Earlier this year, the U.S. Food and Drug Administration (FDA) issued a warning about the safety of so-called fecal microbiome transplants (FMTs). The announcement came after two patients received a fecal transplant from the same donor and contracted the drug-resistant E. coli. One of the patients recovered from the disease, but the other, a 73-year-old with blood cancer, eventually died.
Fecal microbiome transplantation is a relatively new treatment for patients with intestinal flora imbalances in the digestive system. The presence of tiny organisms in the gut is important for a person’s health, and if the flora is unbalanced, it can cause many problems. Fecal microbiome transplantation is one way to solve it, but there are many risks.
“The FDA is informing healthcare providers and patients about the potential risk of serious or life-threatening infections using fecal microbiome transplant therapy,” the agency explained in a June announcement. The agency is now aware of bacterial infections caused by multi-resistant bacteria (MDRO), which are caused by the use of research FMT to spread MDRO. “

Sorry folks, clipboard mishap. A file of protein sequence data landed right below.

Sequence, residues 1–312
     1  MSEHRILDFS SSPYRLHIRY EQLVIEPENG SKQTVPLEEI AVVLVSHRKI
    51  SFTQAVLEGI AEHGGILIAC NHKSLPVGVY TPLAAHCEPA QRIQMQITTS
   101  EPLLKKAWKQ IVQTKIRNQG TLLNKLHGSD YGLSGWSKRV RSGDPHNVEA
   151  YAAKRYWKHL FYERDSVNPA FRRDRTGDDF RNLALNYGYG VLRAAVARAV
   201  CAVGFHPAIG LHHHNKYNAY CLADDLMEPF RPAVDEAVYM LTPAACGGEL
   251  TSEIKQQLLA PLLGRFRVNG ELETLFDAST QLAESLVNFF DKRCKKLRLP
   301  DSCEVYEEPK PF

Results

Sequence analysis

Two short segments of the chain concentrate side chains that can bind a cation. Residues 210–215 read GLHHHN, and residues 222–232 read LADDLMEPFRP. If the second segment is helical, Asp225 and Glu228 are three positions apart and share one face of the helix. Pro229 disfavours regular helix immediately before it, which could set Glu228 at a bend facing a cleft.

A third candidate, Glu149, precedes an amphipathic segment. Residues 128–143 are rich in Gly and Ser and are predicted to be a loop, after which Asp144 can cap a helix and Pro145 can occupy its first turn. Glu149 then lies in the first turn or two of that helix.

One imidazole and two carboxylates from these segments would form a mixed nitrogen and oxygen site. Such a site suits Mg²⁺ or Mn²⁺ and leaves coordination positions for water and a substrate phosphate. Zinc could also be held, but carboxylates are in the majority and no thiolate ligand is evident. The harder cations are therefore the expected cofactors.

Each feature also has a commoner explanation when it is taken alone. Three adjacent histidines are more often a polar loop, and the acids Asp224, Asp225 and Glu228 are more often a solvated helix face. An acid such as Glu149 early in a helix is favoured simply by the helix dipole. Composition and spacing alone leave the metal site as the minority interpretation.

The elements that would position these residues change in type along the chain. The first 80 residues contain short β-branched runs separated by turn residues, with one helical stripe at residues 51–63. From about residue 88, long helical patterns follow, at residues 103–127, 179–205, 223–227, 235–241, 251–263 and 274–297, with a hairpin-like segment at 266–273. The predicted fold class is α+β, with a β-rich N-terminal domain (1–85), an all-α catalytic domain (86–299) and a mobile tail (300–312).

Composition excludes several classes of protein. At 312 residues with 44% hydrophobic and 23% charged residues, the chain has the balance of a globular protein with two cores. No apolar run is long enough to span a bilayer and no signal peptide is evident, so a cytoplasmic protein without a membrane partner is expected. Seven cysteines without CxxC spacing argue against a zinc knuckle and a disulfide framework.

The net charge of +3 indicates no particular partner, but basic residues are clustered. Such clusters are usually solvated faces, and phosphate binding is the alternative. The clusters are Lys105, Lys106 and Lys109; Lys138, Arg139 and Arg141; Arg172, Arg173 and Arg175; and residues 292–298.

The report on the incident, just published in the New England Journal of Medicine, suggests that some disturbing screening guidelines may have played a role in infection.
After some potential infection risks require a more rigorous screening process for fecal microbiome donors, medical centers have changed the way they validate each sample. Unfortunately, the hospital did not retroactively apply these new screening guidelines, and the old samples stored at the facility were not treated the same way.
In addition, doctors believe that a round of antibiotic treatment for the two patients before the fecal microbiome transplant may actually make either patient more susceptible to E. coli and reduce the patient’s ability to fight infection.